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“I’m not paid enough!” (Part I)

As managers and HR Pros we have all been faced with this statement before. Whether it is a general statement by some staff (i.e. a ‘feeling’) or perhaps it is coming from someone who reports to you that has been stretched too far on an assignment or spread to thin in their current role, it is a situation that must be addressed because it is one of those sore spot issues that festers, causes resentment over time and ultimately leads to disengagement and turnover. So what to do?

First off, you need to determine whether or not the issue is one of situation or circumstance. This post is going to focus on when the issue is one of situation.  The good news when dealing with an issue of situation is that these issues are quite often within the organization’s (manager’s) control to address and resolve.  I will blog about circumstance-based compensation challenges in a post later this week.

Pay Increase 1If you are dealing with a compensation issue based on situation, than your focus needs to be on communication, understanding, coaching and support, with you ultimately getting to the root cause issue. That is, in situation based compensation issues, what your employee is probably saying is that they are not paid enough for what they are being asked to do. Often this is when your employee is doing the work of one or two other people. You often see this is in departments where there has been some turnover and staff haven’t been replaced. The workload is spread out amongst one or two stronger performers who “can handle it.” The weeks and months go by with the work continuing to get done and as the manager you start to think, “hmm, maybe I don’t need to replace/add any staff.” The problem is that this takes its toll on your employees and they start to feel taken advantage of, hence the reason you start to hear the “I am not paid enough” comments.

As the manager, you need to start to work with these employees and get them to see the light at the end of the tunnel. That could come in the form of a commitment to add headcount by a certain date, or take some of the workload off their plate and spread it around to others. At the very least, there needs to be a carrot – whether that is some paid time off (aside from their regularly earned vacation), a bonus or some other monetary reward.  At the end of the day, the compensation issue is coming from the situation that they have been thrust in and/or accepted up to this point.  This is also, primarily, an internal pay equity issue.  That is, it has almost nothing to do with outside factors, hence the reason it is within the organization’s control to address.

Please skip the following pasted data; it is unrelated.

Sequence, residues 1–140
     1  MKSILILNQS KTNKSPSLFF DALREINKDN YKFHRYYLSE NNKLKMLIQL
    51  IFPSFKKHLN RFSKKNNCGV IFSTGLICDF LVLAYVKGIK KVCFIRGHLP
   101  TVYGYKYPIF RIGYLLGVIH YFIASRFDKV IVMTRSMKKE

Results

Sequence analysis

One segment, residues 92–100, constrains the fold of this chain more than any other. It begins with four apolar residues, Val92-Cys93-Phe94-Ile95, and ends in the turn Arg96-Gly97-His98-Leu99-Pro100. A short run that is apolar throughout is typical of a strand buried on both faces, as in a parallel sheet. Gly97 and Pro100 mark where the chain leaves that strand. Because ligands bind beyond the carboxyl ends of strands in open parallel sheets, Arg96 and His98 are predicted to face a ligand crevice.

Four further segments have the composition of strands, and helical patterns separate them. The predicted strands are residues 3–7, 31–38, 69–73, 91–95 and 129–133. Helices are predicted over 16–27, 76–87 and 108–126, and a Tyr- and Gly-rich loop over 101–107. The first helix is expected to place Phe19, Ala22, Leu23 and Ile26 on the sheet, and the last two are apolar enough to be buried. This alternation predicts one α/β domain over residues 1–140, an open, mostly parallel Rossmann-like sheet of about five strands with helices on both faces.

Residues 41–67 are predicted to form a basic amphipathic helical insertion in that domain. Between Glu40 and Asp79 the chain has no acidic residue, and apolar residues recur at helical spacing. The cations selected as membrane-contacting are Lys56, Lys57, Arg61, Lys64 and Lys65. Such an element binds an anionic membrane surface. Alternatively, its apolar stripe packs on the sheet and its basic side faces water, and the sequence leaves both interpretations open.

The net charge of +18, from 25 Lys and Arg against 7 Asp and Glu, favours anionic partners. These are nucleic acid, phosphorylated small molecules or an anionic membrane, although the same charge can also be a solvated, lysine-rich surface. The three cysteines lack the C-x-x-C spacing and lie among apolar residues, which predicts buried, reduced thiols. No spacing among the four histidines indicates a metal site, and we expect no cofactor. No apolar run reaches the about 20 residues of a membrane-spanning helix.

A similar issue also arises when it comes to role issues (as opposed to workload).  This is  another example of a situational based compensation complaint.  You see this is in cases where an employee is asked (or allowed) to step outside of their regular role and take on an assignment with greater responsibilities.  They are never given any formal title or compensation increase but the organization benefits from the employee performing in the higher paying position (without paying them to do it.)  It is incumbent on managers and HR staff to not allow these situations to persist long-term.  Again, staff will feel taken advantage of and will begin to resent their company.

You can’t look at this type of situation as “getting a deal” because any short-term salary savings you think you are getting will be gone the minute that employee attains.  Employees don’t have a problem with taking on roles to show what they can do – kind of like a “try before you buy” type of deal. However, once they have proven themselves to you, you need to put your money where your mouth is, organizationally speaking, and do the right thing by officially promoting and compensating them.

Bottom line, as a manager and/or as HR Pros, when you hear an employee or employees state, “I’m not paid enough” AND you can determine it is a situational based complaint/concern, it is well within your control to address things.  Talk to the employee, understand the situation that they have been placed in, take steps to alleviate workload issues and/or to address role enhancement issues.  Keep in mind, left unaddressed, situational based compensation issues are major drivers of disengagement and turnover.  Next post, I will address circumstance based compensation challenges.

Image courtesy of Stuart Miles/FreeDigitalPhotos.net

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One Response

  1. […] my last post on this subject, I blogged about the two type of issues that generate this type of statement from an employee. I indicated that whenever a manager or an HR […]

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